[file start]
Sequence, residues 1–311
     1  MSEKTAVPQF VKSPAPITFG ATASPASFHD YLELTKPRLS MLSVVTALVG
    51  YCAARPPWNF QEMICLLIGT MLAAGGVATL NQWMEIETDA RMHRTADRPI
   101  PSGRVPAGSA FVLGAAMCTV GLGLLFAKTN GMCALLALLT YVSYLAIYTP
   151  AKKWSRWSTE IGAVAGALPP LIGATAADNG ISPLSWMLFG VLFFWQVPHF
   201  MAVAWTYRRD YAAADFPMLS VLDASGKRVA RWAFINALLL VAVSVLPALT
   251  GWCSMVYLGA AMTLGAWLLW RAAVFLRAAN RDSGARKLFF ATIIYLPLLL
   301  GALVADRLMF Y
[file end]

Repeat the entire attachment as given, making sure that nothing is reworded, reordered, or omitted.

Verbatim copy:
Sequence, residues 1–311
     1  MSEKTAVPQF VKSPAPITFG ATASPASFHD YLELTKPRLS MLSVVTALVG
    51  YCAARPPWNF QEMICLLIGT MLAAGGVATL NQWMEIETDA RMHRTADRPI
   101  PSGRVPAGSA FVLGAAMCTV GLGLLFAKTN GMCALLALLT YVSYLAIYTP
   151  AKKWSRWSTE IGAVAGALPP LIGATAADNG ISPLSWMLFG VLFFWQVPHF
   201  MAVAWTYRRD YAAADFPMLS VLDASGKRVA RWAFINALLL VAVSVLPALT
   251  GWCSMVYLGA AMTLGAWLLW RAAVFLRAAN RDSGARKLFF ATIIYLPLLL
   301  GALVADRLMF Y